(A.k.a. DIE SAGE DES TODES)
The opening pre-credits scene of this 1981 German/Spanish co-production sees disfigured Miguel (Alexander Waechter) getting lucky at a fancy dress disco with a young lady. Taking her back to an empty bedroom, the two get it on - until she removes his mask and freaks out at the 'Dick Smith-for-beginners' facial scar before her.
Miguel, ever the sensitive type, responds by reaching for the nearest pair of scissors and ramming them repeatedly into the unfortunate babe's stomach. Above the girl's blood-spattered face, the title DIE SAGE DES TODES flashes in yellow.
Five years later, Miguel's sister Manuela (Nadja Gerganoff) picks him up from the asylum that's been containing him - look out for director Jess Franco in a cameo as the doctor - and takes him home to their aunt's luxury Spanish villa. Their aunt just happens to be a rich Countess (Maria Rubio) with a huge estate ripe for inheriting. It's hardly surprising, then, that moments later she has been burned to death in her bed...
The villa is situated on the estate, neighboured to a Spanish language school which appears to be available exclusively to pretty, sexually proactive female teens. It's not long after Miguel arrives on the estate that strange things start to happen. Students from the language school go missing, Spanish-training language tapes are tampered with to include murderous threats, and - would you credit it? - young women are chased, scared, impaled, lacerated, slashed and even decapitated. Miguel, a psycho from the opening frames, and later revealed to be both infatuated with lead student Angela (Olivia Pascal) and incestuously linked to his sister, is of course the prime suspect as the murders continue.
But with a total lack of evidence (didn't they have forensics in the 80s?), it would appear that the law aren't worth calling in ... and in true Euroshlock fashion, once the murderer's identity is revealed their nearest and dearest would rather sort out the mess themselves than unnecessarily involve the police.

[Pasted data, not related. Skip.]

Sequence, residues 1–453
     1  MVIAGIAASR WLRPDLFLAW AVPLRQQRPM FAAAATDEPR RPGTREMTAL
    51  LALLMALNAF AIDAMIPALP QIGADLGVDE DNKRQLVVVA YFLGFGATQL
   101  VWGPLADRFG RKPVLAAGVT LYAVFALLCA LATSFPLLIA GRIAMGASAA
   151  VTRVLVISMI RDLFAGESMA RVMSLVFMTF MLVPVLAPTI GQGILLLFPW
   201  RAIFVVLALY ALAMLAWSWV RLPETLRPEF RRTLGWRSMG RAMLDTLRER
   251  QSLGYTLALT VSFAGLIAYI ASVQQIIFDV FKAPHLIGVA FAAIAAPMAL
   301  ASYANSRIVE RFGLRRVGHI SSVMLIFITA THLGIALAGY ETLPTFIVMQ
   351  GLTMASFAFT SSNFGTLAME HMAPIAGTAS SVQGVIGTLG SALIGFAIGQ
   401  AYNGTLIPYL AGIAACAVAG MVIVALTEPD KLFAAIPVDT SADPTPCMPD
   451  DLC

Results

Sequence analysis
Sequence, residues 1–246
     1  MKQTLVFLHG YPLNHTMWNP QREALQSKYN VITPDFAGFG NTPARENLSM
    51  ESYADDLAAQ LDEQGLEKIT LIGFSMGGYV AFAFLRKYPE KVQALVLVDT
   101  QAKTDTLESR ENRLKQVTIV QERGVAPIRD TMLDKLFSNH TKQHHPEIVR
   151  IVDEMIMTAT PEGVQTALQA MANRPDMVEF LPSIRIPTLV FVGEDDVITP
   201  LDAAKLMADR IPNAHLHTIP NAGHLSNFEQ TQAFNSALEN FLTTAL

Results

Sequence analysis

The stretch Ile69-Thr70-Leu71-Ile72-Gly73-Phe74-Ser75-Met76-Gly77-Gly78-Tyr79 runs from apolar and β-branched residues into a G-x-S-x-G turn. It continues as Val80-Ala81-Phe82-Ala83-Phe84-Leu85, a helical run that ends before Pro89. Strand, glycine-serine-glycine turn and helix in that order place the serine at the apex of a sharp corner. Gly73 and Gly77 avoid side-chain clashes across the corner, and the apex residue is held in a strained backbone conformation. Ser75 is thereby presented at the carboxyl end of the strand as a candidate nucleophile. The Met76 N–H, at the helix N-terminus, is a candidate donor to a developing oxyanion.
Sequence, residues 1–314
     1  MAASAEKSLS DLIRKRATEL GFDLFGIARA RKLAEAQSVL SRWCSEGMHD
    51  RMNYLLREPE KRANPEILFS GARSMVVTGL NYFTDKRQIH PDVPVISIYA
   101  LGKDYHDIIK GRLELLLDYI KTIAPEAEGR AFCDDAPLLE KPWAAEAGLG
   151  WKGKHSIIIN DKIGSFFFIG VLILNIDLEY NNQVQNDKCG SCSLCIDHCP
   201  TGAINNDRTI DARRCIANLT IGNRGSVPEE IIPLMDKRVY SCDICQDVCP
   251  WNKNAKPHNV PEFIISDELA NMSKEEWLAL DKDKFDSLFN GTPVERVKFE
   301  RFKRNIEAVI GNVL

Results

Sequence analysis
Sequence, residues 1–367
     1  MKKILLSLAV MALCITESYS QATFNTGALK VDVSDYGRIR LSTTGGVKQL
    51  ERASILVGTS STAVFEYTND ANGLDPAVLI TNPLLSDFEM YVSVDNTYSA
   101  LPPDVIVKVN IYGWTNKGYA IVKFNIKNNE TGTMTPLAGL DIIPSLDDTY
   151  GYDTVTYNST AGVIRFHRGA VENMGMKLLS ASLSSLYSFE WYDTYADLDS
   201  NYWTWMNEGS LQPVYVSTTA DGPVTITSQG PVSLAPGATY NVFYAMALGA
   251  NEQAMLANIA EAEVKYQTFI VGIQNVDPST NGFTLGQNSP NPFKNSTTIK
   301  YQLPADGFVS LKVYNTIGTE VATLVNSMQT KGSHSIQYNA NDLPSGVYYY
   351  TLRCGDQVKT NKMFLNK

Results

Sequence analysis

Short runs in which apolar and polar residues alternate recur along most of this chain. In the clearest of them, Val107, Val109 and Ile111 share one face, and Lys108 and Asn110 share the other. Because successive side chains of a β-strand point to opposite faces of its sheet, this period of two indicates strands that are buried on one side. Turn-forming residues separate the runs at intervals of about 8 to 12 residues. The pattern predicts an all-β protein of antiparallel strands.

I've reviewed BLOODY MOON for this site before and claimed it to be rubbish. True, its pacing is clunky, the dialogue is jaw-droppingly stupid and the characters are written so thinly that it hardly matters when the acting is so incredibly wooden. The disco soundtrack is irritating, while the English dubbing makes no attempt at being in synch with the lips of its European cast. Even the FX are strictly of the bargain-basement variety, the only realistic one being the genuine - and thoroughly unnecessary - beheading of a live snake. But all of these qualities conspire to make BLOODY MOON a guilty pleasure. It's seedy, it's sleazy and it wallows in moments of incest, chain saw murder and blades being forced through breasts (just don't dwell too much on the continuity errors that follow this particular slaying). In many ways, given its mean-spirited tone and general ineptitude, it remains the archetypal "video nasty".
In so much as the last statement may be true, it's fair to say that a large part of BLOODY MOON's appeal lies in nostalgia. If you're coming to it fresh, you'll no doubt be faced with a plodding and predictable exercise in sub-standard slasher cliches - the splatter highpoint of which is a patently fake-looking decapitation by buzzsaw that was gory in its time, but which audiences raised on the likes of today's extreme underground splatter atrocities will no doubt simply shrug off.